Not only a reflection of DCCC’s commitment to international regulatory standards, and alignment with stringent risk management and governance frameworks, the facility also enables all European banks to clear trades settled through DCCC without incurring additional capital requirements as imposed by EU regulations.
While many have seen the collapse of FTX as a significant setback to the crypto and blockchain movement, I believe it should serve as a reminder that regulation and oversight are necessary constants in any financial ecosystem. The truth is that FTX was just a centralised, unregulated entity that traded primarily in cryptocurrencies under a highly inexperienced, poorly administered management.
Whether their motives were naïvely rooted in effective altruism, of which an estimated $40 million was pumped into ‘campaign committees and other groups, mostly aligned with Democrats’, or as part of a carefully calculated fraud, the failure of the system should only encourage exchanges to carefully evaluate their decisions to move towards regulated, decentralised models.
In the same way that centralised power has already shown its signs of misuse and abuse, particularly through the censorship leveraged by the big tech giants in either influencing the flow of information or closing the accounts of people who don’t share their social or political narratives, the same has also been exhibited in a financial context.
Overreach on controls?
When governments are unable to adequately regulate or protect their national currencies from failure, often to the detriment of their population, as seen in countries ranging from Argentina to Zimbabwe, through to gross overreaches of power, such as Justin Trudeau’s government freezing ‘accounts connected to people whom police say have been involved in illegal protests’, the risk posed by centralised control is ultimately systemic and cannot be ignored.
While carefully regulated, centralised exchanges have shown to be effective under the right governance, the only true route to independent, financial freedom is to ensure a community-led approach that hedges against the risk of malevolent leadership and or authoritarianism.
Dennis Jarvis, CEO at Bitcoin.com commented, “I don’t think it’s productive for me to make predictions about the regulatory approach the US will ultimately take – whether it will be heavy-handed, or passive, or what it will be. But what I do think happens is that centralized crypto exchanges like FTX, BlockFi, and Celsius will be regulated differently from decentralized networks like Bitcoin or decentralized applications like Uniswap or Aave.
“A lot of regulation is about forcing disclosures and getting transparency for investors — and that’s a good thing. The transparency that’s baked into decentralized protocols makes them inherently less in need of regulation. On top of that, I think government agencies will eventually realize that it’s not actually possible to regulate decentralized protocols in the same way as centralized entities.
“If this summer’s LUNA coin/Celsius contagion didn’t already convince investors, then the FTX implosion should make it clear to everyone in crypto now that centralized entities need to be regulated. Everything that’s happening outside of crypto makes me certain about the long-term prospects for Bitcoin, DeFi, and crypto assets that embody crypto’s value propositions.”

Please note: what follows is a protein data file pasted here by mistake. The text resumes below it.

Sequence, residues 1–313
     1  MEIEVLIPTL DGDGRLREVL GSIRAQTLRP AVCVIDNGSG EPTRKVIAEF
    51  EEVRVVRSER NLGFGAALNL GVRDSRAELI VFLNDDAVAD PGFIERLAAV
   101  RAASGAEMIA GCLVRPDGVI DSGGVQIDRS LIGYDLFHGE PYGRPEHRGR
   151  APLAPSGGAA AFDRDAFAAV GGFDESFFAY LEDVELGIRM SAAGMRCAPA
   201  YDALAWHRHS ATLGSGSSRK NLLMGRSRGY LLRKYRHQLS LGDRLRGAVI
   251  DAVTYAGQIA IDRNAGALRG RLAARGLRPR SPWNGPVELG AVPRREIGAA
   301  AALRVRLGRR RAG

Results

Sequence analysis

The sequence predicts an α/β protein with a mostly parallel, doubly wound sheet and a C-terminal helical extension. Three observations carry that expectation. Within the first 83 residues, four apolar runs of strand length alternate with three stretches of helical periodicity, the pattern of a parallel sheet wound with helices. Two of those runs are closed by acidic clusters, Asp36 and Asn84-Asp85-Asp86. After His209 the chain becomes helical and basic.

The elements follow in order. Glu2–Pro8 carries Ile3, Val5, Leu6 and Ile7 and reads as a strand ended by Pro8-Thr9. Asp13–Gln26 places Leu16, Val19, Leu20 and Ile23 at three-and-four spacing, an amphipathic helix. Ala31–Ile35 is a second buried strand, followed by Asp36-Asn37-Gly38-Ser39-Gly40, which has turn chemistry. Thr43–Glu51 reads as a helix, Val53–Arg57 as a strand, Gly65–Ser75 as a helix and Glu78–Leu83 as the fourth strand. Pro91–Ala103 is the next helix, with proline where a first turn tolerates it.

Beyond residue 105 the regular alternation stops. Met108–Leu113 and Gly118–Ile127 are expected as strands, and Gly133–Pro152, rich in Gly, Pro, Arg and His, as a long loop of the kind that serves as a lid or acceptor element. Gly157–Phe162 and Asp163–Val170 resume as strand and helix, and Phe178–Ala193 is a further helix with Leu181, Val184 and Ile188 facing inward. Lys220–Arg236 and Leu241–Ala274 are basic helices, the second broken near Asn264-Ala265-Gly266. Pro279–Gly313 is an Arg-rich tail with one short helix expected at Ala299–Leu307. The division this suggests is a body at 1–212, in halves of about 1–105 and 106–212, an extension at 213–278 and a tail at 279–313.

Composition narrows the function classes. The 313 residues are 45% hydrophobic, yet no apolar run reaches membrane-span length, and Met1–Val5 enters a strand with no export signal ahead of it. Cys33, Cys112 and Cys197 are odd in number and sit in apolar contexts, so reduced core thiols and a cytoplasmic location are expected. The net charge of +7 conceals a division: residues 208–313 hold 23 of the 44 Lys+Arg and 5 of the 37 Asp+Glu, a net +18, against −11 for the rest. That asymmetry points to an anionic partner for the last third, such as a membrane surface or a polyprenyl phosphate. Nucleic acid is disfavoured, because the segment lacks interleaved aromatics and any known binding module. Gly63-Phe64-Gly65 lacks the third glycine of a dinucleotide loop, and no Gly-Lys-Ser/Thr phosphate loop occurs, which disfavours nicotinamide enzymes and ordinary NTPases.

Blockchain as enabler
Certainly, the idea of utilising blockchain technology to facilitate trust-less delivery versus payment settlement without any intermediary isn’t a new one. Acknowledged as a more efficient way to manage settlements by decreasing the associated transaction costs and involved risks, it wasn’t until August 2022 that the main clearinghouse for the US stock market switched on a settlement system built on blockchain.
Known as ‘Project Ion’, the Depository Trust & Clearing Corp said that its ‘platform is now processing around 100,000 bilateral equity transactions a day in parallel with its existing settlement systems, which remain the authoritative record. At peak level, the platform can reach about 10 per cent of the bilateral equity volumes handled by the firm’s classic settlement systems’.
While no formal timeline has been stated, it is expected that the Project Ion platform will eventually replace the current system, however, the decision will depend on its performance, client feedback and regulatory approval.
Where DGCX is concerned, it will continue to carefully research and evaluate new products and partnerships that add value to its members and the markets while remaining as risk averse as possible. In partnering with Nasdaq Technology AB, it will soon benefit from a full suite of integrated marketplace solutions, including multi-asset trading and real-time clearing capability, pre-trade risk management, as well as market intelligence, market surveillance and quality assurance applications required to safeguard the integrity of the market.
A Nasdaq alliance
While still pending regulatory approval, the planned migration will be to Nasdaq’s NFF system and take place in Q2-2023.
Beyond this, the exchange achieved 16 per cent y-o-y growth in 2022, with 8.2 million lots traded amounting to $162 billion in notational dollar value.
Ultimately, it’s important to remember that the role of an exchange is to facilitate trade safely and securely and while the temptation to move quickly in line with the pace of technology to make a quick buck will only likely increase.
All the more reason for exchanges and regulators to double down on evaluating and understanding new products and systems until such a time when we are better able to regulate our exchanges as a decentralized community.